“The Treaty of Arbitration” American Sentinel 12, 5, pp. 68, 69.

THE treaty of arbitration between this nation and Great Britain, which is now awaiting the ratification of the United States Senate, is hailed by multitudes as a sure omen of an approaching era of widespread if not universal peace. The Rev. Heber Newton, in a recent sermon, went so far as to say that it was a fulfillment of the prophecy of Isaiah which points, as it is said, to a time when men’s swords shall be beaten into plowshares, and the nations learn war no more. Isaiah 2:2-5.

We make mention of this to call attention to the fact that there is only one sure guarantee of peace, whether between nations or individuals; and that is the absence of those propensities of the heart from which contentment arises. When peace reigns in the hearts of individuals, there will be peace without; and when peace does not reign in the heart, there cannot long be peace in the outward life.

A treaty of peace is very good; but nations have a habit of disregarding treaties when their interests seem to demand it, so that not the treaty, but the selfish interests of the parties concerned, really control the situation. The Behring Sea award did little or nothing to settle the question of the seal fisheries which it concerns. Treaties are susceptible of being interpreted; and when the interests of two nations come into conflict touching some point of the treaty, it is never difficult for them to come to a misunderstanding upon that point.

About one year ago there was a remarkable outburst of “patriotism” in all parts of this country in view of the prospect of war with this same nation of Great Britain. [69] A little later there was an even greater outburst of patriotic feeling in the latter country, in view of what seemed a menacing attitude towards her on the part of Emperor William and some of the nations of Europe. Such manifestations show as clearly as anything could what is the real mind of both countries, as regards the prospects for peace.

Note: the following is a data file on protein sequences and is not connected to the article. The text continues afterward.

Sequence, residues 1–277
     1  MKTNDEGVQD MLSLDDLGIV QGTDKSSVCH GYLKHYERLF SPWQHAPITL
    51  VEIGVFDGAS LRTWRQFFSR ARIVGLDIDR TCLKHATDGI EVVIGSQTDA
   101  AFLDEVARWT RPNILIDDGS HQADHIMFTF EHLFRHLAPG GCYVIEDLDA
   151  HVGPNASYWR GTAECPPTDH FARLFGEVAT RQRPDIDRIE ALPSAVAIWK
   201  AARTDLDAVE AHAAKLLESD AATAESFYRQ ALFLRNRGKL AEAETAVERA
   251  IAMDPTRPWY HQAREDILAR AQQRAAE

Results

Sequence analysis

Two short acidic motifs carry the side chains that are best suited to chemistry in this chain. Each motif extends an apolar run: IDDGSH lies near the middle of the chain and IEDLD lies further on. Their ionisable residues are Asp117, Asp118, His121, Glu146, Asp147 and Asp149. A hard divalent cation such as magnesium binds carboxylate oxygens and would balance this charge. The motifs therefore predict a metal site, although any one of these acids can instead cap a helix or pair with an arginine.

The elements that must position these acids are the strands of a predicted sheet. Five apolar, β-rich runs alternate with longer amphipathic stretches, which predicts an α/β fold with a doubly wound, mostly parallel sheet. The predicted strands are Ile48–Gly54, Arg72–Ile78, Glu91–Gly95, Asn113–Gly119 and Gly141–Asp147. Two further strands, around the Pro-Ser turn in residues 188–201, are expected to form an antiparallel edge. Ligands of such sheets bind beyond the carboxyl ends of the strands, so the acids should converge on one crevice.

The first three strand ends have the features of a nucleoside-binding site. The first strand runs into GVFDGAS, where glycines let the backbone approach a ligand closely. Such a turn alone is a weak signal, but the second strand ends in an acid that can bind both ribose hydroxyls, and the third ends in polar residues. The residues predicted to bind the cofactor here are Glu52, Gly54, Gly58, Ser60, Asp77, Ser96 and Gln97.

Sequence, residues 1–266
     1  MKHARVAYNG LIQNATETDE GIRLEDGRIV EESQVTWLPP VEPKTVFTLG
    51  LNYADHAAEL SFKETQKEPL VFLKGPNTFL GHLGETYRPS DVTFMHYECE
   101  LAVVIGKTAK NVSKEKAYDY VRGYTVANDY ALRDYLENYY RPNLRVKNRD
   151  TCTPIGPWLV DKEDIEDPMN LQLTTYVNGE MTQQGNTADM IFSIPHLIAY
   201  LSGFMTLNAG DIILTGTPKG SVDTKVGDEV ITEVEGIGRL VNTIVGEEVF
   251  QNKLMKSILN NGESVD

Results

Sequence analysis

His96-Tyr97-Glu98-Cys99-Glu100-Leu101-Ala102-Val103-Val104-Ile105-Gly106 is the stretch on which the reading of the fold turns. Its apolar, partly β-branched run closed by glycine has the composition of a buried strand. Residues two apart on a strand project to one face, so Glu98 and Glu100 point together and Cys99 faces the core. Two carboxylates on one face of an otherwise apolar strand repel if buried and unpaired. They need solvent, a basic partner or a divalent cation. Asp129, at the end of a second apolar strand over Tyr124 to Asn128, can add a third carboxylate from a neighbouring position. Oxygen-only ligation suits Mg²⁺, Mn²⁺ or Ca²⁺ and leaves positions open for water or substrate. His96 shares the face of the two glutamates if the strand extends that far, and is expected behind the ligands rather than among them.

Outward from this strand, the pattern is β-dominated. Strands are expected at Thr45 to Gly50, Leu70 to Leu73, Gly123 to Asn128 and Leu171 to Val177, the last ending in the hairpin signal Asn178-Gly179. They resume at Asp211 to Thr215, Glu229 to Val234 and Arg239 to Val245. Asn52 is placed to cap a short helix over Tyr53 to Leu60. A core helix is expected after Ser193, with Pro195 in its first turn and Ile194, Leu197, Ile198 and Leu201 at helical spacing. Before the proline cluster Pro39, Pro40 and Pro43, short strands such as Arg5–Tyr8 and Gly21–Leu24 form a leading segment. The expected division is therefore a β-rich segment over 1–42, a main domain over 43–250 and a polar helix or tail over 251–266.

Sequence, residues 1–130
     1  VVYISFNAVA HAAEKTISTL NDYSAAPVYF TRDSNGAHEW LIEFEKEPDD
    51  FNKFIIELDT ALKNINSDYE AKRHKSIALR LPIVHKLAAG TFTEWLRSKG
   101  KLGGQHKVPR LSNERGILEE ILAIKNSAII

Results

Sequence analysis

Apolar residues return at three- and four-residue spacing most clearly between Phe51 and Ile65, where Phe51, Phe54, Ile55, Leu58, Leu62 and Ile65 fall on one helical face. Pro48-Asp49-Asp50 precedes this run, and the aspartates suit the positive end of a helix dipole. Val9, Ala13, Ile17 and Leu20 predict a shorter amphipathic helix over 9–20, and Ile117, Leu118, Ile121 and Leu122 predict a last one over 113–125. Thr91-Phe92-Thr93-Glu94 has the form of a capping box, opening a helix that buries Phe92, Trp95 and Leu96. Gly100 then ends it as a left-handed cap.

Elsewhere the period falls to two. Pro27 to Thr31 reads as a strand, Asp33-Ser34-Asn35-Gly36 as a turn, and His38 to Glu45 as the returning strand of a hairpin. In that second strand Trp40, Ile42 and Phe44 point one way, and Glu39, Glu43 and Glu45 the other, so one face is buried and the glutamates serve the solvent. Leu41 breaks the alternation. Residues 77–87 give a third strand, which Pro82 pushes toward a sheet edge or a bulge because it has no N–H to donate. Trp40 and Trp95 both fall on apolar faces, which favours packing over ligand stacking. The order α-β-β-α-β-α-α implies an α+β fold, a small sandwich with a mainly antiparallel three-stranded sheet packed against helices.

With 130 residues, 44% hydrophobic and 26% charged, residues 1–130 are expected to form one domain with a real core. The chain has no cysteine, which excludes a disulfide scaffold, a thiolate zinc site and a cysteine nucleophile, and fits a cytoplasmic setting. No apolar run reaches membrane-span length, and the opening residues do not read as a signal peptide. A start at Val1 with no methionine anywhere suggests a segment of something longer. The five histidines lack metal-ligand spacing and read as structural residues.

There will be peace in the world just in proportion to the desire of the people in the world to live peaceably. And this desire and disposition to live peaceably will prevail in the world just in proportion to the extent to which men yield themselves to the control of the God of peace. Selfishness, envy, pride, the love of power, do not breed peace. They breed war.

Note the language of the Apostle James on this point: “From whence come wars and fightings among you? Come they not hence, even of your lusts that war in your members?” James 4:1. The lusts of the flesh can be overcome only by divine grace. The one great antidote for war in the world is the gospel of peace.

There is nothing to be gained by taking a sentimental, rather than sensible, view of this subject. We must not shut our eyes to facts for the sake of seeing pleasing visions in the realm of fancy. The Scriptures of truth do not speak of this age as an age of peace. They warn men of a time when the cry, “Peace and safety” will be the precursor of “sudden destruction.” 1 Thessalonians 5:3. The inspired utterances, above all others, demand our attention now.

If peace is to be promoted in the earth, it will be by means of the gospel of Jesus Christ. There will come a time when “the meek shall inherit the earth, and shall delight themselves in the abundance of peace.” Psalm 37:11. But that time will be when the judgments of the final day shall have swept the wicked out of existence and a new creation shall have come in the place of that so long cursed by sin.

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